·       Moontrap

·       Nehalem Tillamook Tales

·       Requiem for a People

·       Illahee

o   “Kay Atwood’s delightful short book called Illahee, which is about early settlers, trappers, and Native American lives along the lower Rogue River! GREAT NONFICTION!” – OPB user Puddleglum

·       Stubborn Twig

·       To Build a Ship

·       Trask

o   “Don Berry, specifically his novel Trask. Oregon in setting, authorship, and writing style.” – Oregonian user TuberousRootMan

o   “Trask by Don Berry. His description of winter in the northern coast range is enough to send me under the blankets to wait until spring!” – OPB user Barbara Wanores

 

Still not convinced you should pick up an OSU Press title today? Perhaps we should simply forget this whole debate business and follow the advice of Oregonian user bendbrilliance: “In other words, books are different than birds and rocks. So I say no to designating a state book. Just enjoy them all.”

April 2nd, 2015

Books represent large undertakings. The writing process is arduous, the time lengthy, and the research often difficult, even dangerous. So what leads authors to pour their hearts and souls into such laborious work? Author Kurt Fausch joins us today to share what drove him to create his recently published book, For the Love of Rivers. Staying true to his scientific background, yet venturing into the connection between nature and emotion, Fausch offers his audience a book that reads much like a journey—and today, he invites us to come along.

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Why would a scientist write about love for rivers?  Don’t scientists normally stick to the facts? 

I became a fish biologist, and later a professor of stream ecology, so that I could do the studies needed to provide answers for the field biologists and natural resource stewards who manage fish and the streams and rivers they inhabit.  Along with teaching students about these ideas, and working together with graduate students and other researchers on these studies, this is really all I ever wanted to achieve. 

Somehow, along the way, I became drawn into a deeper relationship with the streams and rivers I was studying, the colleagues I was working with, and the need to communicate both the science and these emotions to others. 

In For the Love of Rivers: a Scientist’s Journey, I draw the reader into an international research FortheLoveofRiverscollaboration with Japanese stream ecologist Shigeru Nakano and his colleagues.  Nakano and I developed a deep friendship fueled by a common passion to immerse ourselves in streams, literally (by snorkeling), and understand how the native charr and trout in northern Japan and northern Montana coexisted in the same habitats in streams without driving each other extinct.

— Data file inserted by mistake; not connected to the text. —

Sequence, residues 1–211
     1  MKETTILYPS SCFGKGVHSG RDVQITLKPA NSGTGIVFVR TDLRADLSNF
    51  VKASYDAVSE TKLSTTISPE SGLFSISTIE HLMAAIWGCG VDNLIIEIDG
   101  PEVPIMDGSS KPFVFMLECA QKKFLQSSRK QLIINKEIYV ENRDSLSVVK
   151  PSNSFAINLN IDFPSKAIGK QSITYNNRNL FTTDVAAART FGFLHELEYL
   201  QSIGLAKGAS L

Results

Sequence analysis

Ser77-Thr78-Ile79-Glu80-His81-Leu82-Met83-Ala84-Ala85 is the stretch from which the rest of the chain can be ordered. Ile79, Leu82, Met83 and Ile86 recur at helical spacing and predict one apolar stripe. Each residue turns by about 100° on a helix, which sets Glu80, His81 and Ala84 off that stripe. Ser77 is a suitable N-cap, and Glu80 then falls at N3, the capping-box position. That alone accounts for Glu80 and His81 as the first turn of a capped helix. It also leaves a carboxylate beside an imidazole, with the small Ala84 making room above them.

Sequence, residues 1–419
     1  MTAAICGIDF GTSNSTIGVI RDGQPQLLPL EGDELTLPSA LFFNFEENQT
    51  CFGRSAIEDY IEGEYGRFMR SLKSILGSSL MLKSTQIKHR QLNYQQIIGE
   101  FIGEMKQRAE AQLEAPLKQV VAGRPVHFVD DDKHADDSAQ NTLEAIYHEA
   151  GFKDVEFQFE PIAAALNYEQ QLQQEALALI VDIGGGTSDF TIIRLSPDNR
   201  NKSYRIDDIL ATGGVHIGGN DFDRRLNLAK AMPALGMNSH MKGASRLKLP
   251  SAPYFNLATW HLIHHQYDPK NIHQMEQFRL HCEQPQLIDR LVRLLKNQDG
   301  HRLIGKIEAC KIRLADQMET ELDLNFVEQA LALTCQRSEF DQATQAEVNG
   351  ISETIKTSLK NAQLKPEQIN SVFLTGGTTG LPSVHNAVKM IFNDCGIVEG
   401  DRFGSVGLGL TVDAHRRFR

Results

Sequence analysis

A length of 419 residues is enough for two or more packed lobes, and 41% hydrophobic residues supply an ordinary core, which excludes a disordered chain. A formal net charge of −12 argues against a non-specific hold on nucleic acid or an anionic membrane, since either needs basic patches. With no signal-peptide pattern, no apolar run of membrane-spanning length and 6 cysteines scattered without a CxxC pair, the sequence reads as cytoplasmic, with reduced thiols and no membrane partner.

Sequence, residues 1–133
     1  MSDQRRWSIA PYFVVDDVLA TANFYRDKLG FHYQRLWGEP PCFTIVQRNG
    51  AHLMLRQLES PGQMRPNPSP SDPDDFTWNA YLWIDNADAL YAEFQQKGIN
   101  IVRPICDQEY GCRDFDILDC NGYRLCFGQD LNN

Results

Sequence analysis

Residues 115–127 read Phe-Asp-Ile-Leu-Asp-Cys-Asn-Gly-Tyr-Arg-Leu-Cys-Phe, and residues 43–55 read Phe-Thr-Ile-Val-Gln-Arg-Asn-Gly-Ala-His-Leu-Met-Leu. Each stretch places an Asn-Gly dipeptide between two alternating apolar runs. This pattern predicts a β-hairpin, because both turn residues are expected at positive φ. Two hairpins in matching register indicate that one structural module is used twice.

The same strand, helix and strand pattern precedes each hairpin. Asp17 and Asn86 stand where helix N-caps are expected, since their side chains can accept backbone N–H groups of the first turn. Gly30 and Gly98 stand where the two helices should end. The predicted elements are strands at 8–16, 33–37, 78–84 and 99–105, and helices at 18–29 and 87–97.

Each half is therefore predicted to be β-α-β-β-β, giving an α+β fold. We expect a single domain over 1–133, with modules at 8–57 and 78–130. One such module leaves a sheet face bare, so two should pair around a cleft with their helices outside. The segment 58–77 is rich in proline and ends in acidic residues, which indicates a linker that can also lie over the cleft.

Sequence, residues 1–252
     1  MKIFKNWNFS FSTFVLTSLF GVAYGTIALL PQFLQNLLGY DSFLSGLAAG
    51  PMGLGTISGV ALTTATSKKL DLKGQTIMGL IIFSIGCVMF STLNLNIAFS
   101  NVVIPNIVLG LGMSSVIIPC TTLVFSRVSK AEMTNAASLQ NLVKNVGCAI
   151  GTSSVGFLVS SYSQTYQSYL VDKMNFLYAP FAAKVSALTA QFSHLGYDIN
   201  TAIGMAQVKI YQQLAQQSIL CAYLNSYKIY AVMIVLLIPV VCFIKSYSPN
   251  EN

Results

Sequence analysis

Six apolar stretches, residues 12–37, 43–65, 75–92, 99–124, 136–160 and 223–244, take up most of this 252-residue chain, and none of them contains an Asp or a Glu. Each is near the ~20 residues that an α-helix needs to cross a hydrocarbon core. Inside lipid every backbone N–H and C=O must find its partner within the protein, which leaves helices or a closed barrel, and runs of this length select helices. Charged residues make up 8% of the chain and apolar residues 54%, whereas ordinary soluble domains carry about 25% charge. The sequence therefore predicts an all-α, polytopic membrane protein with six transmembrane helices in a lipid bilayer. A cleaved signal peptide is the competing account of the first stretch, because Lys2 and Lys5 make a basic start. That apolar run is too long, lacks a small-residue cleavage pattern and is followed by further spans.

Shigeru went on to do brilliant large-scale field experiments covering streams with mesh greenhouses to show how the insects emerging from streams into the riparian forest, and those falling into streams from the forest, created key connections that fed animals in both ecosystems.  Cutting these off with the greenhouses made half the fish in the stream, and most of the bats and spiders in the riparian forest, disappear!

But when Nakano was killed while visiting the field site of another scientist in Baja California, it set me back and I began to ask what was most important in my busy life as a researcher and teacher.  The loss of streams and fish that we were recording in several other studies, and our predictions of what we stand to lose based on those studies, loomed large in my thinking.

One day, out of the blue, former student-turned-filmmaker Jeremy Monroe (founder of Freshwaters Illustrated) approached me about making a documentary film on Nakano’s life and amazing career.  His idea was to draw the public into an engaging story, and teach them about how streams, fish, and their strong linkages with riparian forests work.  I was skeptical at first, but after the film had been beamed to more than 100 million homes on PBS stations, I realized the power of stories that include the emotional connections among scientists in capturing the attention of everyday people and providing a means to communicate complex science.  I decided to write my story -- of streams and the scientists who study them.

But when I thought about what would move people to actually want to conserve these beautiful ecosystems, I realized that I needed to move beyond the science of streams, and even the science of why humans are attracted to the sights and sound of running waters.  Stephen Jay Gould, the famous evolutionary biologist and great communicator of science, wrote that we only save those things that we love, and we only love those things with which we develop a deep emotional bond. 

In the end, I needed to take the risk to explore what it is that I love about rivers, even as a scientist who has been trained to study them objectively and focus on the cold, hard facts.  While not ignoring the importance of science to conserving rivers, I realized that I needed to move beyond this science if I wanted to inspire others to keep striving to understand what is essential about rivers to us as humans, and keep working with others to conserve them.

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Kurt Fausch is a professor in the Department of Fish, Wildlife, and Conservation Biology at Colorado State University, where he has taught for more than 30 years. Collaborative research has taken him throughout Colorado, much of the western U.S., and worldwide, including to Hokkaido in northern Japan. A recipient of numerous awards from the American Fisheries Society and the World Council of Fisheries Societies, Fausch is a respected professional in his field. For the Love of Rivers is now available on our website or by calling 1 (800) 621-2736. Watch a full trailer for the book here.

March 19th, 2015